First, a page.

Tremendous Immigrant Flows into the UK Were a Factor in Vote
The British exit from the European Union (EU) this week may have been about a lot of things – including being autonomous and not submitting to directives handed down by nonelected technocrats and bureaucrats (I’m thinking Thomas Jefferson and that “tree of liberty” that “must be refreshed”) – but without a doubt the high level of immigration to the UK was definitely one factor in this historic vote against the status quo.
Nigel Farage, the leader of the UK Independence Party (UKIP) and very vocal long-time critic of how the UK has handled immigration issues, has opposed the “burden-sharing” of refugees that have flooded Europe in the last 18 months and said that the EU’s common asylum policy was not designed to deal with the “biblical exodus” to Europe from the Middle East and Africa. Farage called the vote “a victory for ordinary people, decent people. It’s a victory against the big merchant banks, against the big businesses and against big politics.”
According to the UK’s Office for National Statistics, for the 12 months to mid-2015, the UK’s population increased by an estimated 513,000 people, with net migration accounting for about 66 percent of that growth. International migration inflow was at its highest in nine years.
Simon Ross from Population Matters, a UK-based organization working on sustainability and population issues said, “Near record net migration and an excess of births over deaths, to which migration also contributes, are combining to keep the UK near the top of the European population growth league table.
“London and the South East, already two of Europe’s most densely populated areas, are growing denser still. Such population growth will feed into existing concerns about housing affordability, transport congestion and access to schools and healthcare. High population growth also threatens the green belt, biodiversity and emissions targets. These figures are further evidence that we must act now to limit future growth.”
By population size, with 65.1 million people, the UK ranks in the top 25 countries in the world, and it’s the fourth most densely populated country in the EU.
Comments on social media and in response to news coverage were divided and strident.
In a New York Times “live” event with their international economics correspondent, Peter Goodman, one poster said that it made no sense for the “great elite, the wealthy” to leave the EU, but for “the people on the ground, where it's down and dirty, the ones being told we are employing Polish only, where schools are teaching Islam, where emergency rooms have eight-hour waits, when you can’t rent a house but Bulgarians can, when the population swells by a large town every year, when being English puts you in the minority … that’s why we voted out; it’s called a Revolution.”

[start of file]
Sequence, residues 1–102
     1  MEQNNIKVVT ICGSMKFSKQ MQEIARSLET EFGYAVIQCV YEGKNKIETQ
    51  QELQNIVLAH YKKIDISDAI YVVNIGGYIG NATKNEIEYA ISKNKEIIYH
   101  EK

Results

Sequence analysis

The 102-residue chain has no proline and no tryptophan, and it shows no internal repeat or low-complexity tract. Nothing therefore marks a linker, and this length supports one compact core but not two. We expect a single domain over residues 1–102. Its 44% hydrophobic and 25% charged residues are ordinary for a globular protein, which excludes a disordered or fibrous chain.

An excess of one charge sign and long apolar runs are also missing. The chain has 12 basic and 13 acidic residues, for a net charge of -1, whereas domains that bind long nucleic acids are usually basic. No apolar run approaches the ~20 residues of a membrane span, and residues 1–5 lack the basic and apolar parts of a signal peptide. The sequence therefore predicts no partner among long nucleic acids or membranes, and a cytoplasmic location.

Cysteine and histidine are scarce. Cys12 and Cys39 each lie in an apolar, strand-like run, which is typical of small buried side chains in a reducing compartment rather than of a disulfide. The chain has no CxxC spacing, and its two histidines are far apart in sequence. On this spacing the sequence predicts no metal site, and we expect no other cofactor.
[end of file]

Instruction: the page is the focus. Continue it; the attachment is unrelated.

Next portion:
“We joined a common market which turned into a fascist super state with unelected leaders. All we really wanted was to be governed by the people WE voted for, not some fascist totalitarian dictatorship.”
Also from FB:
“I am from and live in the UK. The reason the UK is leaving is because we have no control of our own borders. Our NHS is so stretched it’s at breaking point. We are a small island; we can't handle so many people coming in. Remember, the UK survived before the EU, and it will survive after it…. It’s simple; the British people are fed up of being pushed around.”
And a comment from an article about Brexit:
“I’ve thought about it for many years, including those when I worked for the immigration service and saw violent and troublesome immigrants granted TA (temporary admission) to our country, so that the IS could get them ‘off their books.’ I’ve seen immigrants who don’t speak English, and have no means, released after midnight, so there are fewer witnesses to them disappearing into the black economy…. This referendum isn’t about immigration alone, but I’m voting out with a vengeance if we stand one chance in a million of controlling illegal immigration and having a say who enters our small island.”
The UK is ranked as the fifth largest economy in the world. After all the hubbub diminishes, it’s hard not to believe the UK will be just fine, and probably better as they inject some common sense into their immigration policies.
Meanwhile, in the U.S., we’ll see what lessons we learn from this decision.